On 16.07.2012 18:24, Robert Haas wrote:
On Sun, Jul 15, 2012 at 5:36 PM, Tom Lane<t...@sss.pgh.pa.us>  wrote:
We could fairly cheaply dodge the problem with padding after ForkNumber
if we were to zero out the whole request array at shmem initialization,
so that any such pad bytes are guaranteed zero.  However, padding in
RelFileNodeBackend would be more annoying to deal with, and at least
in the current instantiation of those structs it's probably impossible
anyway.  Should we document those structs as required to not contain
any padding, or do what's needful in checkpointer.c to not depend on
there not being padding?

I would expect that every method we could devise for allocating a
shared memory segment would produce all-zero bytes.  There was a time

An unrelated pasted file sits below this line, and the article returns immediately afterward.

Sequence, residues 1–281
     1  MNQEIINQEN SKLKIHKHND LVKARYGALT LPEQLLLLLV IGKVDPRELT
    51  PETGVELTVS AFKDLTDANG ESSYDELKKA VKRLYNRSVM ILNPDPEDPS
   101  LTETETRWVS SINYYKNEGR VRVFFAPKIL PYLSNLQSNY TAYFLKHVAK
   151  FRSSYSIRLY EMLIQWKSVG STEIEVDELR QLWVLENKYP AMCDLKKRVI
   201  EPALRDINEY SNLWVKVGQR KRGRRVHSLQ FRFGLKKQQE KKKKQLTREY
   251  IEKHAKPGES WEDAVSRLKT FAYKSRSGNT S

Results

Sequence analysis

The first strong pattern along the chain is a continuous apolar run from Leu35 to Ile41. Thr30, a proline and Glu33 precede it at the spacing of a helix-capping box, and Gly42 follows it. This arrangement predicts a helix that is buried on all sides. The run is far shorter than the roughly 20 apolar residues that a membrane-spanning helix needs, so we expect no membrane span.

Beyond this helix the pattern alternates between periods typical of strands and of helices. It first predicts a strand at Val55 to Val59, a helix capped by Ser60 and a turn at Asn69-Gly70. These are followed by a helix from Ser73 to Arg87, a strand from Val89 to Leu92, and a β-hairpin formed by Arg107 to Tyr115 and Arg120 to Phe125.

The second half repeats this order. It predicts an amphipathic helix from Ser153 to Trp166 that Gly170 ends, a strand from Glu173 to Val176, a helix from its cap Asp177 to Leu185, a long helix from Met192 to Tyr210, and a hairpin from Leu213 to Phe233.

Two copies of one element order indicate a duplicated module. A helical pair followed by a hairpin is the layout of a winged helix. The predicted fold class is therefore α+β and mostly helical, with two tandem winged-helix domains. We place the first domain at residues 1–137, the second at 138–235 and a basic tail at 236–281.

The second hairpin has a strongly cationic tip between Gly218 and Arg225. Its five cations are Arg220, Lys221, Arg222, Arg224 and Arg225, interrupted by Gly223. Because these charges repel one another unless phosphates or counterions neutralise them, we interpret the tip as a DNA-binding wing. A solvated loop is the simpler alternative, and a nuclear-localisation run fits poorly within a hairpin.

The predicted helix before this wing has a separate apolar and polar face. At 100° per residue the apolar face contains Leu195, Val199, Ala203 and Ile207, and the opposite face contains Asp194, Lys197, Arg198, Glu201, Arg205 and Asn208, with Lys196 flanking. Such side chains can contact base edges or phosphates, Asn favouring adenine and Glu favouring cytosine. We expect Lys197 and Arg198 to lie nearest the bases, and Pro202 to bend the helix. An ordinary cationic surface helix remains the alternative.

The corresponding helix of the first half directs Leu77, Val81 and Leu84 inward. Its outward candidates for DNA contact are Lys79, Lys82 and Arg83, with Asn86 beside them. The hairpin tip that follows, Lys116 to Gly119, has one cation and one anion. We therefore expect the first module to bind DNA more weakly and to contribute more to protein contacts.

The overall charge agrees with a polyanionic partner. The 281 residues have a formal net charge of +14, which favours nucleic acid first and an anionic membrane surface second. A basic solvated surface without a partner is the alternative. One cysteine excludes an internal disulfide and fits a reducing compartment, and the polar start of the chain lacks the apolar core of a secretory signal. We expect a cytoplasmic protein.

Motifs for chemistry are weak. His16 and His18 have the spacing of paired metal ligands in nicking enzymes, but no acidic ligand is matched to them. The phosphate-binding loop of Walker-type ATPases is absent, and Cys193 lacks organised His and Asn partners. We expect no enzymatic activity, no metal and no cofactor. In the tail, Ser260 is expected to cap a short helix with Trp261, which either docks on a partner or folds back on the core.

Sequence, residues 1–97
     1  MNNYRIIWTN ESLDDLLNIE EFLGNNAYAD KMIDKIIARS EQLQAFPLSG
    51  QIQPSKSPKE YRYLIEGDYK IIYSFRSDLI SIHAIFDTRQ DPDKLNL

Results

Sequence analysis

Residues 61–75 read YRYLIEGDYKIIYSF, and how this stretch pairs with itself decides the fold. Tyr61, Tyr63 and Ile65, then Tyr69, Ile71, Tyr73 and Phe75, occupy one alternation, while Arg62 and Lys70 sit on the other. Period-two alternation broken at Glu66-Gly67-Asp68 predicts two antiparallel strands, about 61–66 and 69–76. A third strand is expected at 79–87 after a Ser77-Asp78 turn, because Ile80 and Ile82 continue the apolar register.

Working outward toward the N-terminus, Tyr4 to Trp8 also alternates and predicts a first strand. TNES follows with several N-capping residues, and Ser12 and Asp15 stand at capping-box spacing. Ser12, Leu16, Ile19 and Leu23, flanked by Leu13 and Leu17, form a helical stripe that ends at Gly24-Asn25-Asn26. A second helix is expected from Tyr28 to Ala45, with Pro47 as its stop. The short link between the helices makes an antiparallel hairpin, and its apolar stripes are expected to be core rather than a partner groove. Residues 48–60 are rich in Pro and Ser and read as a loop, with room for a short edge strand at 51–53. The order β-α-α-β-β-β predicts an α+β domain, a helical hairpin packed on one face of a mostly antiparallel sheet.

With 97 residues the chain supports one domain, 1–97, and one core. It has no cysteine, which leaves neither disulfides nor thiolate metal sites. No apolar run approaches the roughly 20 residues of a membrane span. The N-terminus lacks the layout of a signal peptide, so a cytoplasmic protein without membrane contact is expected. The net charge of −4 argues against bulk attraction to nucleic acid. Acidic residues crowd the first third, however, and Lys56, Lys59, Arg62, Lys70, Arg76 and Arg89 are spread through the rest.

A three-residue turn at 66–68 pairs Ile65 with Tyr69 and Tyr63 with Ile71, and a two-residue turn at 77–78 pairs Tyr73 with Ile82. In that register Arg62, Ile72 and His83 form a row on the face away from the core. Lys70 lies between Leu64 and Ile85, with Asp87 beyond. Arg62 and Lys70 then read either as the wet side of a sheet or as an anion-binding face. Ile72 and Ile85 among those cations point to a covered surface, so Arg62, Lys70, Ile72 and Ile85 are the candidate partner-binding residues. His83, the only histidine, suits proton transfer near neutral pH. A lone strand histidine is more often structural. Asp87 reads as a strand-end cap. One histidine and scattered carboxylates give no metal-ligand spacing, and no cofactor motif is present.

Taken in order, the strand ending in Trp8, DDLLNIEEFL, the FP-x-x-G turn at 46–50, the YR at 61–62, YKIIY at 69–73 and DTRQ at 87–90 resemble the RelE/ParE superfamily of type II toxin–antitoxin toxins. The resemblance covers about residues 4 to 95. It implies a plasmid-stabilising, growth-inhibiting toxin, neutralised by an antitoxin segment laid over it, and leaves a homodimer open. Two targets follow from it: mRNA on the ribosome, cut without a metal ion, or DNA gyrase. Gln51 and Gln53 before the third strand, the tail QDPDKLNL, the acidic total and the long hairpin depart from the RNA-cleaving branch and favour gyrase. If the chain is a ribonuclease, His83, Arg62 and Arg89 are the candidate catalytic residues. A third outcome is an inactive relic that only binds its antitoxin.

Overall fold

long ago when the OS would simply hand over previously-freed pages
with their existing contents, but I believe that was recognized as a
security problems more than 20 years ago - maybe 30 - and I can't
believe there is any OS we care about supporting that fails to zero
pages before handing them out.

I wouldn't rely on that, though. I wouldn't be surprised if there was some debugging flag or similar that initialized all pages to random values or 0xdeadbeef or something, before handing them out to the application. We could easily zero all shared memory on allocation ourselves, though.

  Heikki Linnakangas
  EnterpriseDB   http://www.enterprisedb.com

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